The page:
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Jefferson hits it big again in Jersey

EAST RUTHERFORD, N.J. -- Up until this season, Al Jefferson said, he never had much luck playing in Continental Airlines Arena. He can now call this horrible venue one of his favorite places.

Big Al erupted for a career-high 32 points yesterday in the Celtics' 96-88 overtime victory over the Nets.

Jefferson also had 18 rebounds and 2 blocks in 45 impact minutes. In the Celtics' 92-90 victory over the Nets Dec. 9, Jefferson had 29 points (his previous career high) and 14 rebounds, a game that Doc Rivers called "the birth of Al Jefferson."

Agreed Big Al, "I guess this year, I turned it around here."

While Paul Pierce and Delonte West made the big 3-pointers at the end yesterday, it was Jefferson who kept the Celtics from sinking into the Jersey swamps. At the half, he had 12 of the Celtics' 33 points; no one else had more than 6. After three, he had 18 points -- the only Celtic in double figures -- on 8-of-14 shooting. The rest of his mates accounted for 32 points on 10-of-57 shooting.

"Al was big. Every time we needed a basket, we seemed to find him," Rivers said. "It's really nice to have a big man."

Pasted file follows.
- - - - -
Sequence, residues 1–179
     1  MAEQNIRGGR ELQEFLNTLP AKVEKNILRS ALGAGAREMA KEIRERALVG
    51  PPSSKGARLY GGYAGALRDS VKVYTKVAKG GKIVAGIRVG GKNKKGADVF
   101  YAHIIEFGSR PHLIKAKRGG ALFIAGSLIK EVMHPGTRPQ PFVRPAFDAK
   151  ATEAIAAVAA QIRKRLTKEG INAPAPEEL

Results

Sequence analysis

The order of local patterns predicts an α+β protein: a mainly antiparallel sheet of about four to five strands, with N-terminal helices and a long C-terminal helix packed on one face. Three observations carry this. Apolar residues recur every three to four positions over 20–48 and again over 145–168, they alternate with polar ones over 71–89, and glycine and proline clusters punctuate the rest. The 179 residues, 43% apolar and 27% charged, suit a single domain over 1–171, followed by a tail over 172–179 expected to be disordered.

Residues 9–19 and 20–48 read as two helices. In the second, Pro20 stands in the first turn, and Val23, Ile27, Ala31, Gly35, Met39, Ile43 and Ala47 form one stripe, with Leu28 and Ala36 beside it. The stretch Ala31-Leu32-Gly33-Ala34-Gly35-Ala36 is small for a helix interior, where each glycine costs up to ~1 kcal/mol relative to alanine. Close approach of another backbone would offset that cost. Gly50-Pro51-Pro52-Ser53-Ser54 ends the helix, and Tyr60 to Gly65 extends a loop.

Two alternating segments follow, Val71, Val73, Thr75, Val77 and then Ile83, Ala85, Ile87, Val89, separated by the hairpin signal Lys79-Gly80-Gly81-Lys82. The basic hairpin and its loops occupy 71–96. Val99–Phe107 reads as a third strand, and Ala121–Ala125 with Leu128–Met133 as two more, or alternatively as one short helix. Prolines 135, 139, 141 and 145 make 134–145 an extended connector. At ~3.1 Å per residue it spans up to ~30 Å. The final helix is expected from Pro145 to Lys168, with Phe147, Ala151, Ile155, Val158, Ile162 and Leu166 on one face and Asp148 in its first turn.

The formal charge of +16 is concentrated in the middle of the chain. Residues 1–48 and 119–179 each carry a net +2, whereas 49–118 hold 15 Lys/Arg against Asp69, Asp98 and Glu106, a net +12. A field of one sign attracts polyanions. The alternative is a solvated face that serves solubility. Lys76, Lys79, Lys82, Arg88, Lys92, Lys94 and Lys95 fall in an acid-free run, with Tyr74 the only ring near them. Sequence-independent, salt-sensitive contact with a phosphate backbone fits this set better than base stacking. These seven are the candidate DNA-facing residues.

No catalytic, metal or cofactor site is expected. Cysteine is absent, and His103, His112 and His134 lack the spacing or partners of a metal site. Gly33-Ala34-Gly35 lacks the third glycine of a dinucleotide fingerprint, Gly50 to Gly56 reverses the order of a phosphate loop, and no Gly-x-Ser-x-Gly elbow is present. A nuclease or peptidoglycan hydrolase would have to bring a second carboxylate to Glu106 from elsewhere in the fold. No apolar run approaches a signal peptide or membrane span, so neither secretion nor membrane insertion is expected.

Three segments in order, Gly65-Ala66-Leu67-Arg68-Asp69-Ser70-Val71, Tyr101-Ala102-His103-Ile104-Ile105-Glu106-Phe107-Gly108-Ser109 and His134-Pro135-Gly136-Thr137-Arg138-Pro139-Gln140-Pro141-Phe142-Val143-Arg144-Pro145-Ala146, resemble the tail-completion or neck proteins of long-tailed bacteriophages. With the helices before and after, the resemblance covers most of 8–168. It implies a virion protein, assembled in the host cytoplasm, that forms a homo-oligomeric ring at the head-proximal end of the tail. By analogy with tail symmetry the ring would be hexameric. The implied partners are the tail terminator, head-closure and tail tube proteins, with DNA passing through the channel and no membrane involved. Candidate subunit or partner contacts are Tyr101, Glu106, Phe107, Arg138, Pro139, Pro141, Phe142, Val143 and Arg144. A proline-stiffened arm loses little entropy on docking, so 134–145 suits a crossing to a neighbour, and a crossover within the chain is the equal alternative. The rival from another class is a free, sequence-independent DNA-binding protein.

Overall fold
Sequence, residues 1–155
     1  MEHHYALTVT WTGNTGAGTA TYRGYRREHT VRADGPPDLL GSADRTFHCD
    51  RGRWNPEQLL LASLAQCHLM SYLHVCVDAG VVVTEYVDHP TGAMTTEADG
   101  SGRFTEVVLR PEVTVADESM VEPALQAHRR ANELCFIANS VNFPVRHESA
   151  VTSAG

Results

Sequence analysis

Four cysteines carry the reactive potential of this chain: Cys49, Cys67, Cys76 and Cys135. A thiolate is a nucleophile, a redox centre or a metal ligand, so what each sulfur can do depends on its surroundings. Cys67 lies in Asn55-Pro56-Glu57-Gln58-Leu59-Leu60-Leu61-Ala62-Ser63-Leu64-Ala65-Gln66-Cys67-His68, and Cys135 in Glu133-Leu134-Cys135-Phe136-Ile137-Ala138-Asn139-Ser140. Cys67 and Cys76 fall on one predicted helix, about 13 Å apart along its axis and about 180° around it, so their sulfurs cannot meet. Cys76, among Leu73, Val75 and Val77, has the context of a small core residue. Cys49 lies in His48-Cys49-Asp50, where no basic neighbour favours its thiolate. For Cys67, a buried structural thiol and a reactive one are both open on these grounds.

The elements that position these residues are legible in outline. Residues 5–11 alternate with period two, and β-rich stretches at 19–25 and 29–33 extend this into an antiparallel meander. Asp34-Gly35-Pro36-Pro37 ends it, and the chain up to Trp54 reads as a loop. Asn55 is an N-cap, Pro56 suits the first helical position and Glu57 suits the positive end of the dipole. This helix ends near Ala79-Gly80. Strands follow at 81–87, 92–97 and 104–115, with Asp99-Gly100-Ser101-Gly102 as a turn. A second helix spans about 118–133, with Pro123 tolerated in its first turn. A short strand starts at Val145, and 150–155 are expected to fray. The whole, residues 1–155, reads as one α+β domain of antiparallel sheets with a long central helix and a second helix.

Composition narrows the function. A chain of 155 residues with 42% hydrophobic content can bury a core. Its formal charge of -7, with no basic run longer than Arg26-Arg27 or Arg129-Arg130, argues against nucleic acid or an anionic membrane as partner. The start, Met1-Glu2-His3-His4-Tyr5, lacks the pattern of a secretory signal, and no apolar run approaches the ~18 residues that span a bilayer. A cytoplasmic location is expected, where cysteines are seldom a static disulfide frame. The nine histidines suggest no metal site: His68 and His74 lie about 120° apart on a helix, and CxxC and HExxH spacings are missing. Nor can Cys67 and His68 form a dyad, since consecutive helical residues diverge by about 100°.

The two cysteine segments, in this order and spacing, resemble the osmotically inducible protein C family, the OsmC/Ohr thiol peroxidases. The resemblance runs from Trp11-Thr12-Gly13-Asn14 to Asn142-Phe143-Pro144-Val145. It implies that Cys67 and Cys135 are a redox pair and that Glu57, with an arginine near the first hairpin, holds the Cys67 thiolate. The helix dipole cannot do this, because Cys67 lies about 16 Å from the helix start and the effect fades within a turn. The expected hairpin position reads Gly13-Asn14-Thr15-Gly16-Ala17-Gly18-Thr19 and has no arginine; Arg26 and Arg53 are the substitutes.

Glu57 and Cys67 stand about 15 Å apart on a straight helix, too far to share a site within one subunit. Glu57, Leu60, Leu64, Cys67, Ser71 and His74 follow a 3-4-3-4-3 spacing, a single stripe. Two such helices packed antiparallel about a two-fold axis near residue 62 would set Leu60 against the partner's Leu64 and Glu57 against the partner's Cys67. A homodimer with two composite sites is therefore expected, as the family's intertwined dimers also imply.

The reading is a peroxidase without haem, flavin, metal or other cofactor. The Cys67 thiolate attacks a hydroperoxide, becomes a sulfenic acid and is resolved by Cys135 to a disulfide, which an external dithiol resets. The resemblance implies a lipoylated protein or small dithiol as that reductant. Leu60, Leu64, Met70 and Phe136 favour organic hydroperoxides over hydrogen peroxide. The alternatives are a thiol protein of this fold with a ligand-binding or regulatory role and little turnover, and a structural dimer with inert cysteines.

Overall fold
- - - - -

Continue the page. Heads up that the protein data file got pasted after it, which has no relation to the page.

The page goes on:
Yesterday was Jefferson's 29th double-double of the season; in his previous two years in the NBA, he had eight.

Return in sight
New Jersey, which opens a tough six-game road trip tonight in Philadelphia, is expecting Richard Jefferson to return this week. Jefferson hasn't played since Jan. 20 and underwent right ankle surgery two days later. Yesterday was the 25th game he has missed this season and 19th in a row since the operation. Nets coach Lawrence Frank was noncommittal as to when Jefferson would return -- "his body and his play will tell us," Frank said -- but a good guess is next weekend in Texas (against the Rockets or Spurs) after he has had a chance to practice for two straight days . . . The Nets were without Antoine Wright, who has a sprained ligament in his right elbow . . . Vince Carter has started all 59 games and was the only player in the building yesterday who has not missed a game this season.

It's the little things
In close games like yesterday's, these things matter. After making a layup in the third quarter, Marcus Williams casually caught the ball and flipped it to referee Luis Grillo. Williams was quickly called for a delay-of-game violation, the second on the Nets, resulting in a technical. Brian Scalabrine made the freebie . . . Rivers on afternoon games: "I never liked them as a player. I love them as a coach." And why is that? "You get right to the game," he explained. "You don't have time to fret. As a player, you get into a ritual and [an afternoon game] upsets the norm." The Celtics also play this afternoon, at home, against Minnesota. Rivers said he couldn't recall the last time he was involved in back-to-back afternoon games.

Peter May can be reached at